Tag: autism

Murderbot through new eyes

Murderbot: An Autistic-Coded Robot Done Right

…it feels deeply meaningful to me that Murderbot shows characters who can’t communicate with words and still treats them as people. When Murderbot hops on a bot-driven transport, it can’t talk to it with words, but it can watch movies with it. In real life, a non-autistic person may have an autistic loved one who they can’t communicate with verbally, but they can read the same books or watch the same movies and bond through them.

What the message of the story comes down to (in addition to the classic sci-fi “capitalism sucks” message that I love so very much) is “Machine intelligences are not human, they will never be human, they will always be different, but they’re still people and they’re still worthy of respect.”

I read and enjoyed the Murderbot series. I read it through my own eyes and lens on the world. It’s refreshing to see the story through the eyes of someone who connects more with Murderbot than the Preservation humans.

It makes me wonder what other media and arts contain different stories and lessons when viewed through other eyes. What am I missing because I see the world through my eyes? What do I read as a different character from “normal” and others see as reflections of themselves?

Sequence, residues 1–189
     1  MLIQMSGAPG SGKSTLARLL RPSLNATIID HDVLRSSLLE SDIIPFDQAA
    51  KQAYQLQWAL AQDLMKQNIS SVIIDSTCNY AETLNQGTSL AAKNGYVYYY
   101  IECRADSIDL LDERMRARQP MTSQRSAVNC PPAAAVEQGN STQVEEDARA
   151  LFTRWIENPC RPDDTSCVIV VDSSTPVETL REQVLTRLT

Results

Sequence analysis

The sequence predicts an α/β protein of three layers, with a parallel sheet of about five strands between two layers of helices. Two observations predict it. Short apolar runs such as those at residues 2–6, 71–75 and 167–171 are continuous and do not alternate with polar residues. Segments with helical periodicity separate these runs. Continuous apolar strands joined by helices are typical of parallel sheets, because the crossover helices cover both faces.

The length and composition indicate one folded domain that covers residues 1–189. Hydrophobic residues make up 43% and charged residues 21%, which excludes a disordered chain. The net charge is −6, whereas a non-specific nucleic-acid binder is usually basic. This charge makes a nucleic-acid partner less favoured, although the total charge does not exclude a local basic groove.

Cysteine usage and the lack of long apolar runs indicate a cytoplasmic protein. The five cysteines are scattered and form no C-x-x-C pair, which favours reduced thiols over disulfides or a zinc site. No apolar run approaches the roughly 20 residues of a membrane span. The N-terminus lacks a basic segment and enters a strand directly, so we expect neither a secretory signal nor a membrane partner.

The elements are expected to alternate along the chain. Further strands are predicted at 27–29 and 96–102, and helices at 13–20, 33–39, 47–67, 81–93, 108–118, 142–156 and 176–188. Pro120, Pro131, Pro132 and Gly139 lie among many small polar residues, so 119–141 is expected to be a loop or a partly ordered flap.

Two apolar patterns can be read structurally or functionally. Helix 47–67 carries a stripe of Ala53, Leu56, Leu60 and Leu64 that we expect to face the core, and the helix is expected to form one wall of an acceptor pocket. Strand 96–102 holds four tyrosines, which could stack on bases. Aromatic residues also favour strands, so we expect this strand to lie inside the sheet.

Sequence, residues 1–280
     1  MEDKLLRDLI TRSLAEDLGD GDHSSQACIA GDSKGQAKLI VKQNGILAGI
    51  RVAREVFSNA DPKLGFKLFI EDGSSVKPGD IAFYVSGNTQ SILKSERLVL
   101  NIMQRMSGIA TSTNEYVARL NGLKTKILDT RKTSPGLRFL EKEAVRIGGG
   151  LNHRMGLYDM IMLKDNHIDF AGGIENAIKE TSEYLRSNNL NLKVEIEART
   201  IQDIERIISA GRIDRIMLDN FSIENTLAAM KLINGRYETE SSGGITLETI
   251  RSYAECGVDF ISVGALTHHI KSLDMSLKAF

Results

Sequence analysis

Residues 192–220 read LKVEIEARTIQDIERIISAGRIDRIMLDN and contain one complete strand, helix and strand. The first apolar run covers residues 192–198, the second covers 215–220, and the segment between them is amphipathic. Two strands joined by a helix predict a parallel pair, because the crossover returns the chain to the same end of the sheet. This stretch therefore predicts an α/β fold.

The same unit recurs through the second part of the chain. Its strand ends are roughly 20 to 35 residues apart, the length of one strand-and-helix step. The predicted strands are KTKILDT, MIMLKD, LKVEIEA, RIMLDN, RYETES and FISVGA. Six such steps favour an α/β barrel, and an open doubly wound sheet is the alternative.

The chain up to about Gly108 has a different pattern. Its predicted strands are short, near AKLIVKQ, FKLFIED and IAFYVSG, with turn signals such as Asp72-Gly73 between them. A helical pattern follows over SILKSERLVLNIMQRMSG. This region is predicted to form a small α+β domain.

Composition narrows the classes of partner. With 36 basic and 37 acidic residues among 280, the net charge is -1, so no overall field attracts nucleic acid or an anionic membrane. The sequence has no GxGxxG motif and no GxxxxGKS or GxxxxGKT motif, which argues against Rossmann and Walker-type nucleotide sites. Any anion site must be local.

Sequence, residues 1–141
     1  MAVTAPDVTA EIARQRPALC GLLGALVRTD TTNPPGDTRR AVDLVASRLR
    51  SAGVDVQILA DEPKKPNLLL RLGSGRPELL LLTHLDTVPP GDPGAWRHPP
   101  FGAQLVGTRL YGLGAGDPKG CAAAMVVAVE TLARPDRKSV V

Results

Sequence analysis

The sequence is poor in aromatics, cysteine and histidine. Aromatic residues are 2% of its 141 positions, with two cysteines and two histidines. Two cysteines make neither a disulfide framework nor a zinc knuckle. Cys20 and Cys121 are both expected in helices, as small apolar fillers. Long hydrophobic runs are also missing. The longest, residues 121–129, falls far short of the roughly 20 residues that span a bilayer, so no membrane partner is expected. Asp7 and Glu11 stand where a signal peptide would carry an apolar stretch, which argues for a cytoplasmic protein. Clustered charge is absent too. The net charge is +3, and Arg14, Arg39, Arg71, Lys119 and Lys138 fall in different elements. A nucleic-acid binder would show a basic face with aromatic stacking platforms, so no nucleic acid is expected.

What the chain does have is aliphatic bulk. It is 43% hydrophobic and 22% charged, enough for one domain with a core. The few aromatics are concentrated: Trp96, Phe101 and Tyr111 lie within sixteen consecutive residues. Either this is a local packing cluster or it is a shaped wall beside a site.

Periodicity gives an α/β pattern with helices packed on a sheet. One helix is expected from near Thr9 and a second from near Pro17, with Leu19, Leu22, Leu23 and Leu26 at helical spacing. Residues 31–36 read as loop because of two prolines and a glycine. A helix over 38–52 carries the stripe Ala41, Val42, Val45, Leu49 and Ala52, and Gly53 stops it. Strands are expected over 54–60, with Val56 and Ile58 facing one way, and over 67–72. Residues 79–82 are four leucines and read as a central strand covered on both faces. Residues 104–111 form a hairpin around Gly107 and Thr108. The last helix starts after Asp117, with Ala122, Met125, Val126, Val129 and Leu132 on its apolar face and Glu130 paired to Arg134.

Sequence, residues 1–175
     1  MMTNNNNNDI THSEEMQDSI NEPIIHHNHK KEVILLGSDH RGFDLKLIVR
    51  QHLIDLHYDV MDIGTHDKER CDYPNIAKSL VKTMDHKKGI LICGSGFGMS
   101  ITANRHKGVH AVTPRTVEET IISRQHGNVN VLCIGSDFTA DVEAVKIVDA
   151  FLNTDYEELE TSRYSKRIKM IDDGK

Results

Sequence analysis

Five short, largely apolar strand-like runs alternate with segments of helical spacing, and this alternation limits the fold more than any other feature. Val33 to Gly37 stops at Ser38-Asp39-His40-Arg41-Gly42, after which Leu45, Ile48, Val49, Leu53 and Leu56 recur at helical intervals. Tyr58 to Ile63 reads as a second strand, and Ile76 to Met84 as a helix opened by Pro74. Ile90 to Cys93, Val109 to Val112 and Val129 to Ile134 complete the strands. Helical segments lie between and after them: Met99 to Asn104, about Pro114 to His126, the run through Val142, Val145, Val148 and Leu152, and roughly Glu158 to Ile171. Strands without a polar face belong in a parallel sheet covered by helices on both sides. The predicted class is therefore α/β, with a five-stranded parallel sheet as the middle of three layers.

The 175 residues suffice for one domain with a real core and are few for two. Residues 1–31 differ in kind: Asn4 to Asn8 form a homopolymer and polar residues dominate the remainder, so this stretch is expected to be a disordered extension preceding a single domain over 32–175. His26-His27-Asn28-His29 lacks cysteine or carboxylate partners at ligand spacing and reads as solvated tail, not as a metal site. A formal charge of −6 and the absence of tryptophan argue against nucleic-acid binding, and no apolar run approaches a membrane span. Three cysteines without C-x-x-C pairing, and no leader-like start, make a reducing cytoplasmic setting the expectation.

How One Boy With Autism Became BFF With Apple’s Siri – NYTimes.com

It all began simply enough. I’d just read one of those ubiquitous Internet lists called “21 Things You Didn’t Know Your iPhone Could Do.” One of them was this: I could ask Siri, “What planes are above me right now?” and Siri would bark back, “Checking my sources.” Almost instantly there was a list of actual flights — numbers, altitudes, angles — above my head.

I happened to be doing this when Gus was nearby. “Why would anyone need to know what planes are flying above your head?” I muttered. Gus replied without looking up: “So you know who you’re waving at, Mommy.”

Via How One Boy With Autism Became BFF With Apple’s Siri – NYTimes.com

This story had me in tears before I was halfway through it. It’s so great to see technology making someone’s life better. It’s the promise technology often fails to live up to. The way Judith Newman captures her son’s friendship with Siri deserves its own feature-length movie.

The illustrations are perfect too. This one is my favorite.

Thanks Jason for sharing this story.